Hanging Baskets

In Spring, the longer evenings and bright spring days make us think about summer flowers. Here we show you how to create and care for hanging baskets, which can be a welcome addition to your garden. Whether you’ve never planted a hanging basket before or are a true pro here are a few tips to aid your success…

First, select a suitable basket for the type of plants you are intending to grow. Wicker baskets are easy, as they look very effective planted with just one species of plant. For a larger, much fuller basket we would suggest using a traditional wire basket which allows for planting in the sides. Then, select a liner for your basket.

There are many different options for liners. The most important thing to remember is that the liner must be strong in order to hold the weight and also that it does not tear causing the plants and compost to fall out off the basket. Remember, once the plants have grown, the liner is not going to be visible. No matter what liner you use, it is always a good idea to place some plastic in the bottom of the basket to help to reduce water loss.

Next, choose a selection of plants to go into the basket – the best advice we can give here is to use plants that are equal in vigour. Plants selected for the sides should all be of fast growth so they compete with one another and trail as far down as possible. Plants in the top of the basket should be slower growers to prevent them from swamping the plants below. For a standard basket we would recommend six trailing plants for the side, six trailing plants for the top and one “dot” plant for the top.

Start the basket by putting in the side plants first. Do this before adding any compost as this helps to get the plants as low down in the basket as possible. Our preferred method for doing this is to lightly tease the foliage through the wire basket as this prevents any damage to the roots of the plants. Next, place the “dot” plant in the centre of the basket and then the remaining trailing plants around that. Only add extra compost at this stage if the plants are too low in the basket.

Position the trailing plants to the outside edge of the basket so that the compost can then be added to the centre to fill the basket. Using the back of your hand, lightly firm the compost around the plants.Once finished, keep the basket indoors for about a week in order to settle and let the plants establish. Throughout the season liquid feed regularly and also remember to dead head at least once a week.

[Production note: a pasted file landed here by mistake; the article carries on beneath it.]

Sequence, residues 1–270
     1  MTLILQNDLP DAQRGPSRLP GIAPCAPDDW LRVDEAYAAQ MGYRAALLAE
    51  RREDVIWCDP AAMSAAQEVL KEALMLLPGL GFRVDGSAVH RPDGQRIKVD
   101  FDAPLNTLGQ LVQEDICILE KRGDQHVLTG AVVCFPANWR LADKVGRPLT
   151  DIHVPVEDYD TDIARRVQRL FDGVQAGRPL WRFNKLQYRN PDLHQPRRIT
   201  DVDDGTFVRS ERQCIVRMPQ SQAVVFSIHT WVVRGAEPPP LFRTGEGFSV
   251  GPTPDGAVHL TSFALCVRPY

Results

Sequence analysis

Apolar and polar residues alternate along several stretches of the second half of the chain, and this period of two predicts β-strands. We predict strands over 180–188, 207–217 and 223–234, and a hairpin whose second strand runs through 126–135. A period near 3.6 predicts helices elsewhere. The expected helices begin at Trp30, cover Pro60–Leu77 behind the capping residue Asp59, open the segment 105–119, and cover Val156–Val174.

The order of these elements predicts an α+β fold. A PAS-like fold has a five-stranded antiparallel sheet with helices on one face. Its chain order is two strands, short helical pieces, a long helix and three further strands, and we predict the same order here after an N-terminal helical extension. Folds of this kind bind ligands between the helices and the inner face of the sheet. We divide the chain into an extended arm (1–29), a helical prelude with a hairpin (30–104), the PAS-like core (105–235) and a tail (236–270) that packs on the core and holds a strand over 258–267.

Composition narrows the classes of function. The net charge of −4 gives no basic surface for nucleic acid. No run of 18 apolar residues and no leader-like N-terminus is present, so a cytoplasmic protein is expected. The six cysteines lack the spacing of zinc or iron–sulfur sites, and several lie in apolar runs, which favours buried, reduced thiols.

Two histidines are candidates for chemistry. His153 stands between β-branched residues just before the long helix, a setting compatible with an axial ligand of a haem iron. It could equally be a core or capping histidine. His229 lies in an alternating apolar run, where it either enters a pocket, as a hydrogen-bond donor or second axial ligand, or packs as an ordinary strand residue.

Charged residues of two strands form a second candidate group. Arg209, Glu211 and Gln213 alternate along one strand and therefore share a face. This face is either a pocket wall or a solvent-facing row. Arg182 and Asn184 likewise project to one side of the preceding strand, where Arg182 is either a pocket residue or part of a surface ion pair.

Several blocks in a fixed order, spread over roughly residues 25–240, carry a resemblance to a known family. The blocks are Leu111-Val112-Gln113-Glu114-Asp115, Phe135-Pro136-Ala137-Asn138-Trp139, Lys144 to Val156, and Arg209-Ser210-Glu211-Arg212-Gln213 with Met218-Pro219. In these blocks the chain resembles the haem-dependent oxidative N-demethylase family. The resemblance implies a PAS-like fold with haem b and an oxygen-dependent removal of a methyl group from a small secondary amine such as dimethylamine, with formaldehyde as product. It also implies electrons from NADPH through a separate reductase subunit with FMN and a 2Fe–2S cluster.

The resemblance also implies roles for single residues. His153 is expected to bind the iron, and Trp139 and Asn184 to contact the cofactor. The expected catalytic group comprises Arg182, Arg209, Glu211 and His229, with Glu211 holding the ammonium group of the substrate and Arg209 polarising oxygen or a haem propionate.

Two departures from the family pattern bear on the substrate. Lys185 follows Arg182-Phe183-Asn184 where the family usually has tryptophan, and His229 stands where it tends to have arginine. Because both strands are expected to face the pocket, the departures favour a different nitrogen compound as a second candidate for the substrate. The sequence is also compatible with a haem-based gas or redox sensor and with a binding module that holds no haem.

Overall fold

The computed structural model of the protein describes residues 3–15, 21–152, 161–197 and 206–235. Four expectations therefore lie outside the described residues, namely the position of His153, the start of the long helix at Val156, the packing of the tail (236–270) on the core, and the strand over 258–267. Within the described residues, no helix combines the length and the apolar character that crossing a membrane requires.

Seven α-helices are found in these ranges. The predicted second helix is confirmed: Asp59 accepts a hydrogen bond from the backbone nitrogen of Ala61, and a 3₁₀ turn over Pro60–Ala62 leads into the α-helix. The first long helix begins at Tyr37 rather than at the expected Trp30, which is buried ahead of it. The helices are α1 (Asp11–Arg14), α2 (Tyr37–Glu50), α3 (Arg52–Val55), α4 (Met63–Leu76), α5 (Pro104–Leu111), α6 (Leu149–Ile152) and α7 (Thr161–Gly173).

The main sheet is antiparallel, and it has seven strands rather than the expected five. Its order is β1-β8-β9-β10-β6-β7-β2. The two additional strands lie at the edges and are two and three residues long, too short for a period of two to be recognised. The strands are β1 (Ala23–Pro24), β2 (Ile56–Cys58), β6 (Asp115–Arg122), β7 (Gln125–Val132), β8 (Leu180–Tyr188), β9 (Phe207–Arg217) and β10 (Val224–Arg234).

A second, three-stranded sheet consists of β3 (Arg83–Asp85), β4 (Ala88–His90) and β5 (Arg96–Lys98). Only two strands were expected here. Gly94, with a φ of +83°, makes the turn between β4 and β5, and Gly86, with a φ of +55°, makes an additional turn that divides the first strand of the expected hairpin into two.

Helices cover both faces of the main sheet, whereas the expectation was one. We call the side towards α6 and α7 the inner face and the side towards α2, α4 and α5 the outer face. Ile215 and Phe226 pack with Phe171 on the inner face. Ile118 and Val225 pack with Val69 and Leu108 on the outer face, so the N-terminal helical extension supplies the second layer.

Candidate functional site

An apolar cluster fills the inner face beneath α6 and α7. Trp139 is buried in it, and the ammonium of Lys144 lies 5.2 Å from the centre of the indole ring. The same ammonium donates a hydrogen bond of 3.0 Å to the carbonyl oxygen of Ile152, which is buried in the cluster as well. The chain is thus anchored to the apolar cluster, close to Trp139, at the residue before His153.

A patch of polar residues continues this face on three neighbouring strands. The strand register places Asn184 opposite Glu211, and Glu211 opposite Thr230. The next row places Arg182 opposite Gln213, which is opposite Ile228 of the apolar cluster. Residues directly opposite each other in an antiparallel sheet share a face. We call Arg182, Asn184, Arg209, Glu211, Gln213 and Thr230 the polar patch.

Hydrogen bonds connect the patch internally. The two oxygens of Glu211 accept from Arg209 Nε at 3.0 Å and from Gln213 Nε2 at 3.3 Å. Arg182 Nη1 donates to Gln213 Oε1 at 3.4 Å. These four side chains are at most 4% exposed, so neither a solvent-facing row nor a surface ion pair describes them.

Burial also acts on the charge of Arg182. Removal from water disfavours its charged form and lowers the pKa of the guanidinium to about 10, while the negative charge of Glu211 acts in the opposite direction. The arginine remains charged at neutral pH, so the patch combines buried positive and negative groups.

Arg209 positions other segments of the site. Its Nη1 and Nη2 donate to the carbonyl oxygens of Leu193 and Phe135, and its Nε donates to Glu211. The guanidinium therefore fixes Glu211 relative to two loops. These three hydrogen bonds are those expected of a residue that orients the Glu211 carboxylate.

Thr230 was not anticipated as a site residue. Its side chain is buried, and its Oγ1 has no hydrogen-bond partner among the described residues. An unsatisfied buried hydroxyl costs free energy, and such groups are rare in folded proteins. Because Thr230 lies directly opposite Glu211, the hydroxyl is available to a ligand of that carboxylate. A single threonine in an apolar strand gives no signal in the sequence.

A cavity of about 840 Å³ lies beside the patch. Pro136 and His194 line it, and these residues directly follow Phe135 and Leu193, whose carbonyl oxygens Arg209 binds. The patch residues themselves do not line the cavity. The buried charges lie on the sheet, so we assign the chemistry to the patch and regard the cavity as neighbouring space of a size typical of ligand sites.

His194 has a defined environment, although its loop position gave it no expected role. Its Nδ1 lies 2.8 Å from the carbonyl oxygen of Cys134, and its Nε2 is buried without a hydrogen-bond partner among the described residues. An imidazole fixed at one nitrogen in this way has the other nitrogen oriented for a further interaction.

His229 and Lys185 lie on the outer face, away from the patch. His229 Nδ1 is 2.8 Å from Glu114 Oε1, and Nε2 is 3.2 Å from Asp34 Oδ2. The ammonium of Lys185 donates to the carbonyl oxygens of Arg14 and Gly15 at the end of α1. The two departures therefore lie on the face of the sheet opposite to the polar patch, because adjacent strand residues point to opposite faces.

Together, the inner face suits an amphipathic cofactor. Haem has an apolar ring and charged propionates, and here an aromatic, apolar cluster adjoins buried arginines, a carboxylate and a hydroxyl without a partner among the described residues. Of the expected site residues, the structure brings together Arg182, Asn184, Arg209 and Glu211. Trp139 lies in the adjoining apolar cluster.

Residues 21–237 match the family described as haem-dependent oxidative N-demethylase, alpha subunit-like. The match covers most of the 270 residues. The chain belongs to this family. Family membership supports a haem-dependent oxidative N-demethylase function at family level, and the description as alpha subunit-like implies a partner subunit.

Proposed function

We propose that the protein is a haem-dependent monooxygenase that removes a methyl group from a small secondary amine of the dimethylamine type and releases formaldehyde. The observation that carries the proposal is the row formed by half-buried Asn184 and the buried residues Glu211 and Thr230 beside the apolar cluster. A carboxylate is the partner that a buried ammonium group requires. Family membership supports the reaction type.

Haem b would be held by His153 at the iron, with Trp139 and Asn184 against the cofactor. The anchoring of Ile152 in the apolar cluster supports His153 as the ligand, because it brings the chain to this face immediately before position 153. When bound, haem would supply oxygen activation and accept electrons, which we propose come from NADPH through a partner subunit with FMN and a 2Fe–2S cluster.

We have put together two examples below for you to try. The first is for a fast growing vigorous basket and the second for a slower more compact basket. Don’t forget that the colours of the plants can be changed to your own preference.

Basket 1
3 x Sufinia ‘Blue Topaz’
3 x helichrysum ‘Gold’
3 x Surfinia ‘Victorian Yellow’
3 x Fuchsia ‘La Campanella’
1 x Festucia ‘Eliajh Blue’

Basket 2
3 x Helichrysum microphyllum
3 x Diascia ‘Little Dreamer’
3 x Million Bells ‘Cherry’
3 x Bacopa ‘Snowflake’
1 x Geranium ‘Pulsar Red’

After planting your basket, ideally keep it in heated greenhouse for 3-4 weeks, watering sparingly to prevent the roots from rotting off. Then gradually harden off the basket, making sure that it is always protected from the risk of frost.

Watering: Always water hanging baskets in the morning rather than the evening to prevent the plants sitting in water overnight. Water every day or as necessary.

Feeding: Feed at first with Miracle Gro as this is high in Nitrogen and will encourage green growth. Once the plants start to flower, switch feeding to Phostrogen. This is high in Potash/Potassium and will encourage the plants to produce more flowers. Feed the basket once or twice a week. Bear in mind if you are watering every day, you could wash out all the feed from the compost within a couple of days, leaving no feed for the plants!

Dead Heading: Once the plants start to flower, always make sure you dead head them to ensure a succession of flowers. Also make sure you rotate the basket regularly to ensure all sides of the basket receive light. This makes sure the plants in the basket will grow evenly.

Due to the nature of the plants and the fact they are planted in a basket, regularly check for pests and diseases and take remedial action if necessary. If followed correctly, these tips will ensure you have a flourishing, colourful basket throughout the summer months; and hopefully into early autumn.

Article courtesy of The Inverness Courier

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